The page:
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Authoritarian socialism is a political-economic system that can be generally described as socialist, but one that rejects the liberal-democratic concepts of multi-party politics, freedom of assembly, habeas corpus and freedom of expression.

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However, the Axis powers, among other fascist regimes, favoured a corporatist mixed economy instead of Authoritarian socialism and were all radical anti-communists, anti-Marxists and anti-socialists.

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In Latin America, Che Guevara represented and acted on the idea that Authoritarian socialism was an international struggle by operating Radio Rebelde and having his station transmitted from Cuba to as far north as Washington DC.

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Authoritarian socialism is best understood through an examination of its developmental history, allowing for the analysis and comparison of its various global examples.

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Implementation of authoritarian forms of socialism was accomplished with a dogmatized ideology reinforced by terror and violence.

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Authoritarian socialism made criticism of several Bolshevik leaders, including Stalin and Leon Trotsky, warning of the possibility of a split developing in the party leadership between Trotsky and Stalin if proper measures were not taken to prevent it.

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Authoritarian socialism worked for the ideological destruction of society as a whole so that it could easily adopt the rhetoric and political ideals of the ruling party.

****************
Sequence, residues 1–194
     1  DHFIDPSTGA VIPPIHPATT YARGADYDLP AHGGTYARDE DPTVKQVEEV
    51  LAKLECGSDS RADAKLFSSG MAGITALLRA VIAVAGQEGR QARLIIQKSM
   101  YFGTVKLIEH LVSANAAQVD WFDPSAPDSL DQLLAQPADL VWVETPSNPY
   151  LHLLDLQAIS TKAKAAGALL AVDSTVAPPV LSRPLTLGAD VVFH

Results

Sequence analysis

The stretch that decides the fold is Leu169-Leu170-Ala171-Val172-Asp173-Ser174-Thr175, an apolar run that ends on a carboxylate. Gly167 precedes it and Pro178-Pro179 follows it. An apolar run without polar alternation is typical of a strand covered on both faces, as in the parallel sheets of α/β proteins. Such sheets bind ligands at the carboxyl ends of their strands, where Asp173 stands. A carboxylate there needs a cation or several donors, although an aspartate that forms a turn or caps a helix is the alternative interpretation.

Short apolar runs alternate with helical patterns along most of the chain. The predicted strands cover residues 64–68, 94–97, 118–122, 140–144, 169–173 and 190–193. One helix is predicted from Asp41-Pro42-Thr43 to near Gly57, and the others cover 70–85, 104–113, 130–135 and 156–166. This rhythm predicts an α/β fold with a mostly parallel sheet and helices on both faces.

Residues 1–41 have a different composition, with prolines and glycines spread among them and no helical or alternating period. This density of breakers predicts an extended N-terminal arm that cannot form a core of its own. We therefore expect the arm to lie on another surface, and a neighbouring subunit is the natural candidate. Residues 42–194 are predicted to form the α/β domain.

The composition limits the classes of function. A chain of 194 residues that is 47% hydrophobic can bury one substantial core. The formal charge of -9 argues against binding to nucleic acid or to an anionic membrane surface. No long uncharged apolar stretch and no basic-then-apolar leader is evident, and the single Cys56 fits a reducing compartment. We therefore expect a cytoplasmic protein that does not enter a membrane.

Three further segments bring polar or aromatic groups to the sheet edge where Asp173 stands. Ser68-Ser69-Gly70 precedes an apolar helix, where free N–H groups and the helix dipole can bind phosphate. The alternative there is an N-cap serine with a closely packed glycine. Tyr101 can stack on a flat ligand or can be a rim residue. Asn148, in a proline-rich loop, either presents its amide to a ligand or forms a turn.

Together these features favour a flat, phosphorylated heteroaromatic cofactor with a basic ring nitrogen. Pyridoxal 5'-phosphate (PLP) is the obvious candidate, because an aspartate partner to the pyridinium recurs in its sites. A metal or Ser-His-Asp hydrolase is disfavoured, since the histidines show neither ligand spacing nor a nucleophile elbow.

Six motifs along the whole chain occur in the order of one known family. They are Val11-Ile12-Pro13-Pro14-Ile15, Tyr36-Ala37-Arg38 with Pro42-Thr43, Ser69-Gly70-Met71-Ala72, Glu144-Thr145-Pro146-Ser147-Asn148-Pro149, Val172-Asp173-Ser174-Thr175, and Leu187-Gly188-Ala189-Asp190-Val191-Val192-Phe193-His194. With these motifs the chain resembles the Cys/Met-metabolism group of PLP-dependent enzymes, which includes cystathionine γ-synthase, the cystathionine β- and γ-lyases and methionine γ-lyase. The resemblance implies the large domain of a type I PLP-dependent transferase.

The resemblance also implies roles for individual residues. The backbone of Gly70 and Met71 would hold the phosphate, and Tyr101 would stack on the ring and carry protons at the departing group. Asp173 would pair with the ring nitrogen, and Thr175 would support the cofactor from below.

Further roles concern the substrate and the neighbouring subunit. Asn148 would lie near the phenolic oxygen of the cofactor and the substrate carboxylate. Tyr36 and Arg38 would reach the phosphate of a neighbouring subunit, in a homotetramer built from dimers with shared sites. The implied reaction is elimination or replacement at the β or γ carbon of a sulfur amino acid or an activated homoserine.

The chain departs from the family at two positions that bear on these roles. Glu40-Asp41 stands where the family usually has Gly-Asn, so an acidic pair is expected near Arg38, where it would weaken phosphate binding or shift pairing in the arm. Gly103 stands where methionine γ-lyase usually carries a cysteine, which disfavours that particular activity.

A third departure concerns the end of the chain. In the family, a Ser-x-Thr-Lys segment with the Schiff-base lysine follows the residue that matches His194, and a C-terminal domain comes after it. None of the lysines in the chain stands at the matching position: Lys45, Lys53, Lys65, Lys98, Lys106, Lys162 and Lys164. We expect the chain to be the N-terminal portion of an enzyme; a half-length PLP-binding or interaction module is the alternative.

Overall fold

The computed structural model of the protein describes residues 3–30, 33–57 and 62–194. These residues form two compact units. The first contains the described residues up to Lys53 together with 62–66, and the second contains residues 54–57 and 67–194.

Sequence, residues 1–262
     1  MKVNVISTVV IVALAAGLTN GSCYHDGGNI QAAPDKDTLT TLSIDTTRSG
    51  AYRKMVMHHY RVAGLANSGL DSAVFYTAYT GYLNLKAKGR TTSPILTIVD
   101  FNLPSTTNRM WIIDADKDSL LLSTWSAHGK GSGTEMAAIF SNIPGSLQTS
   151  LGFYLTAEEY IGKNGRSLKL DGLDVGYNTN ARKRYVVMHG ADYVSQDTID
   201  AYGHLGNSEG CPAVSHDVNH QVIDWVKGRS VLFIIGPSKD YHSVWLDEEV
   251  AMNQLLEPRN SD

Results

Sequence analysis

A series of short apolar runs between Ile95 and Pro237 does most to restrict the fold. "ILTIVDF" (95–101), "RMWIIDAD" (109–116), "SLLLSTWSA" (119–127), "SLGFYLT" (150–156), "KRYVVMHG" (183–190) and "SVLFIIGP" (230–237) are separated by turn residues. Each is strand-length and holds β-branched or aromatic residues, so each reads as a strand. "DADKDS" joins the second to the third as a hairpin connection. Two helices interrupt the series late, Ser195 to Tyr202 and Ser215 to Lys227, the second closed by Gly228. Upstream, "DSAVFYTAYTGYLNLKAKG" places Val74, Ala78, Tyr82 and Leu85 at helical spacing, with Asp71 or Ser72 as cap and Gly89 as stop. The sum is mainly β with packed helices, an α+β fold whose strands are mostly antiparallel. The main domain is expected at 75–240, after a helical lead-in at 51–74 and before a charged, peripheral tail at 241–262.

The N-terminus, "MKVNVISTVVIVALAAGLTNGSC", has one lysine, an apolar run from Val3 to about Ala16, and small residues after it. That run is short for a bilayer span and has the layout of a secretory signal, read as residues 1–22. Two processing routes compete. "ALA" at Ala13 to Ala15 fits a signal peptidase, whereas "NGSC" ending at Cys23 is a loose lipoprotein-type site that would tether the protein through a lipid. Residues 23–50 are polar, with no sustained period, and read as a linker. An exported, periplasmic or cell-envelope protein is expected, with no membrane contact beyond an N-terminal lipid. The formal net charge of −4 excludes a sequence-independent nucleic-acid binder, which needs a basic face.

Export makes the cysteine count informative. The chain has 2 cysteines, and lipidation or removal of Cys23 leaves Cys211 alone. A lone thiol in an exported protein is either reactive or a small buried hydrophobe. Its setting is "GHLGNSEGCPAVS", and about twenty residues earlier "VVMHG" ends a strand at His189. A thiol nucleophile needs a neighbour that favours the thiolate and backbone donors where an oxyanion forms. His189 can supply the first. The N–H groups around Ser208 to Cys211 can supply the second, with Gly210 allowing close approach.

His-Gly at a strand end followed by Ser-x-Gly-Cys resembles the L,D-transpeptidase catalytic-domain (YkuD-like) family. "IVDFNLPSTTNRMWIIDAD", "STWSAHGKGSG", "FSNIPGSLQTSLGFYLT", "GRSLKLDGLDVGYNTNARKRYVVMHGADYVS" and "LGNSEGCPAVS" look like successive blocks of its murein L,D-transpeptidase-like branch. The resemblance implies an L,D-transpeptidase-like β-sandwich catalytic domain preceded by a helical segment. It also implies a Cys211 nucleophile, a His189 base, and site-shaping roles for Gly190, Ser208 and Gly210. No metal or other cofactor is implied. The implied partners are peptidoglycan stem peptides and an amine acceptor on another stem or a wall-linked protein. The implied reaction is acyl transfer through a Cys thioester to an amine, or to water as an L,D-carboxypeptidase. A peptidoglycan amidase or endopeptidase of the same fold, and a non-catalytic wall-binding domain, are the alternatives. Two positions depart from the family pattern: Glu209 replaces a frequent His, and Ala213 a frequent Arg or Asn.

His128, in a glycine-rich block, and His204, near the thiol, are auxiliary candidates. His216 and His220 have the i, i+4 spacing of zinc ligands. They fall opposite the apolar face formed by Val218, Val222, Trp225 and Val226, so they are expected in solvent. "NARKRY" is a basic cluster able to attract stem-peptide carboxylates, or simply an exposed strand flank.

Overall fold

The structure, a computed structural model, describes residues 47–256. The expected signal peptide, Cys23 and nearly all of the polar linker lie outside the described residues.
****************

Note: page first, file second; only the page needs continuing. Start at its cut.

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Authoritarian socialism stressed the importance of an authoritarian state, where political order and unity could be established and maintained.

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Authoritarian socialism described his ideal system as "a political situation in which there is both centralism and democracy, both discipline and freedom, both unity of purpose and personal ease of mind and liveliness to facilitate the socialist revolution".

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Authoritarian socialism maintained that "production for private profit deprives a large section of the people of the goods and services produced", advocating public ownership to fit the "people's needs".

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Authoritarian socialism argued that if people submitted and accepted the singular party's program, political independence would be possible.

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Leaders who have advocated for this form of Authoritarian socialism include Hugo Chavez of Venezuela, Nestor Kirchner of Argentina, Rafael Correa of Ecuador, Evo Morales of Bolivia and Luiz Inacio Lula da Silva of Brazil.

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Socialist states and state Authoritarian socialism are often conflated to and referred to by detractors simply as Authoritarian socialism.